Russell also talked a bit about blogs, saying things I was already really familiar with from his blog, such as:
- Not having a blog is like not having a phone
- A blog makes you take the “interesting” test
- Surrender control to win influence
- And, maybe among the most important characteristics, blogs teach you the skills of the future (including video-editing, which is so cool for a planner :D )

Then, further discussions followed, mostly about creative research, negative emotions, and even lifestyle and Eric Cantona. Lots of fun, also.

Another small detail that felt extremely relaxing for me was the very language the four guys used – they don’t use, abuse and overuse words like insights, consumers, brands and so on, concepts which seem to me so excessively used in our country. Well, that’s about it as far as my notes are concerned. As far as the great deal of thoughts that were inspired by these two days are concerned, however, I’ll most probably write yet other posts.

Covers on the matter i've read until now: Neil, Russell, Ben, Bogdana, Costin - also in pictures, Razvan, Claudiu here and here (it was great eventually meeting you in person, btw), Anca, Felipov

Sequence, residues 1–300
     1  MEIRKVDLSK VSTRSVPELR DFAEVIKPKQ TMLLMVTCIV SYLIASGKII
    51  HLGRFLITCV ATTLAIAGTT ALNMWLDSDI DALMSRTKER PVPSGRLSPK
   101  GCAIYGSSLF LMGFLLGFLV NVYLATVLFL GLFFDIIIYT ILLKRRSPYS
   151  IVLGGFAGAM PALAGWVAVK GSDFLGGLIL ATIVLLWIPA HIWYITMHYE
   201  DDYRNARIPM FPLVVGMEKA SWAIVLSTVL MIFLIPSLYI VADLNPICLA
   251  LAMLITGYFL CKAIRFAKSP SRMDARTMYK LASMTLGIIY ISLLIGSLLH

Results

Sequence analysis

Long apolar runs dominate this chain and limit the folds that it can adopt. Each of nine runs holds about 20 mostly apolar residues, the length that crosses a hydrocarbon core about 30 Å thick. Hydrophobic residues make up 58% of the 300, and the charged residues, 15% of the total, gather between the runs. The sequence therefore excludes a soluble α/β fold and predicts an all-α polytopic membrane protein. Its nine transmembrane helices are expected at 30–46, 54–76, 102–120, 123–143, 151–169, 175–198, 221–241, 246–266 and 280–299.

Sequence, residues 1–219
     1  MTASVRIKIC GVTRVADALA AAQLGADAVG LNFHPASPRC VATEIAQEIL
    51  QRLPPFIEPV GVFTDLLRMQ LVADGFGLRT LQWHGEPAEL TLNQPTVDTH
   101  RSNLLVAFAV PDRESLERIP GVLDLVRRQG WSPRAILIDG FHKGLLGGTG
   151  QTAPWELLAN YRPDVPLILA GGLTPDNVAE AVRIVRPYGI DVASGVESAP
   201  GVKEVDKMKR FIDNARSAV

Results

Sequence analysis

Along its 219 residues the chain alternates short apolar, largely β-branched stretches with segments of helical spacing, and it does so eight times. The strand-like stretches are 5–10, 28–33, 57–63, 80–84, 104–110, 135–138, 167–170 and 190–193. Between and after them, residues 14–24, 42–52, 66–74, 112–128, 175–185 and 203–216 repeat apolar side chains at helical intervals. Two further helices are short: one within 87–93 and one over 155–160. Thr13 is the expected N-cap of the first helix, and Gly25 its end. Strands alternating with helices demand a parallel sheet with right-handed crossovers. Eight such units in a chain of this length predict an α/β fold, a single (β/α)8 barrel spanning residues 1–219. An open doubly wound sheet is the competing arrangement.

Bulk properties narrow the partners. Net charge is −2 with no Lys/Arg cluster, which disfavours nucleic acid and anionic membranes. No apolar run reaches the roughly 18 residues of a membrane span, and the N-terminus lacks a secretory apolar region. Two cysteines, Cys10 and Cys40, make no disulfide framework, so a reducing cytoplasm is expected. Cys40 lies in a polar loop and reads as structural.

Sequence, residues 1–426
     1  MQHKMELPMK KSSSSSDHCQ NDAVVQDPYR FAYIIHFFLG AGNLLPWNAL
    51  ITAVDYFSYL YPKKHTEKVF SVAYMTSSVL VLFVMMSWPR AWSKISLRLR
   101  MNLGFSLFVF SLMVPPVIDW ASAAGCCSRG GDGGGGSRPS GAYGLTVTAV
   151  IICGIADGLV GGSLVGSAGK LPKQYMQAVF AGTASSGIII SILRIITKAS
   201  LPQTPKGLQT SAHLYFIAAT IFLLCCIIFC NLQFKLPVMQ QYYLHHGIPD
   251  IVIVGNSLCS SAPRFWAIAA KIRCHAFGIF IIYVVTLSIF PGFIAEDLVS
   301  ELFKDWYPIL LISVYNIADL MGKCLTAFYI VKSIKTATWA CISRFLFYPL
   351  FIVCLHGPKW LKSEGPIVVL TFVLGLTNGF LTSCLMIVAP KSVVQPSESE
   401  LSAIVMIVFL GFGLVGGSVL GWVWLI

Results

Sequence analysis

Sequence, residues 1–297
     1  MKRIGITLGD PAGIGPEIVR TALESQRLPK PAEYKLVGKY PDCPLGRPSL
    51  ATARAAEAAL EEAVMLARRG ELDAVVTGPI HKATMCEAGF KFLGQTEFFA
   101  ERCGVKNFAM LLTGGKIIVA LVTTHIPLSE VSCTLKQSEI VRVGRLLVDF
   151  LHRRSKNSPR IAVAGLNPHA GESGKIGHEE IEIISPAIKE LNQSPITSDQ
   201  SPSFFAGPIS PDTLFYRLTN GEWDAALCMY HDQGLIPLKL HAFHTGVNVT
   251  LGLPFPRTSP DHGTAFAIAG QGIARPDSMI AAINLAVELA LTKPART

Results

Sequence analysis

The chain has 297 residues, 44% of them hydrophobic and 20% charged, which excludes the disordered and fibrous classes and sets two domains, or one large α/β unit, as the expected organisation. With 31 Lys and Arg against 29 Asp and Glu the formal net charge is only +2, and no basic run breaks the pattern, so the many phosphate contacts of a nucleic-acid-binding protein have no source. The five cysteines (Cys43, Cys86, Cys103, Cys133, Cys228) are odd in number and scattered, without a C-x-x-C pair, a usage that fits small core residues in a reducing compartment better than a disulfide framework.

Pics soon.

18 Sep 2006

the napoleons - first flight

Yesterday when I left from the Athenaeum, after having listened to “The Napoleons” live in Bucharest, I had this line from “Lock, stock and two smoking barrels” in my mind: “it’s been emotional”. I was actually feeling absolutely amazing, and I can’t even remember the last time when hours had passed so quickly, without me even realizing it.

The Napoleons were Russell Davies (“the Mozart of planning”, as John Griffiths called him), Jeffre Jackson (an amazing planner, who’s now part of the OIA, after having worked for Goodby Silverstein and for Wieden&Kennedy Amsterdam), Ben Terrett (founder of The Design Conspiracy) and Neil Christie (managing director of Wieden&Kennedy London). These guys are brilliant and funny, which was not only obvious from the things they said, but also from the way they presented their ideas, their thoughts, their achievements. I simply did not get bored for a second, maybe for the very reason that they are that type of interesting people who simply get the others interested in whatever it is that it interests them, the kind of people more than worth listening to, talking to and most important learning from.

It feels really difficult to write about the stuff that I’ve learnt during these days, cause I didn’t mark down everything, being sure that most of it will find its way straight into practice. However, I’ll try to sketch some stuff I got out of the presentations.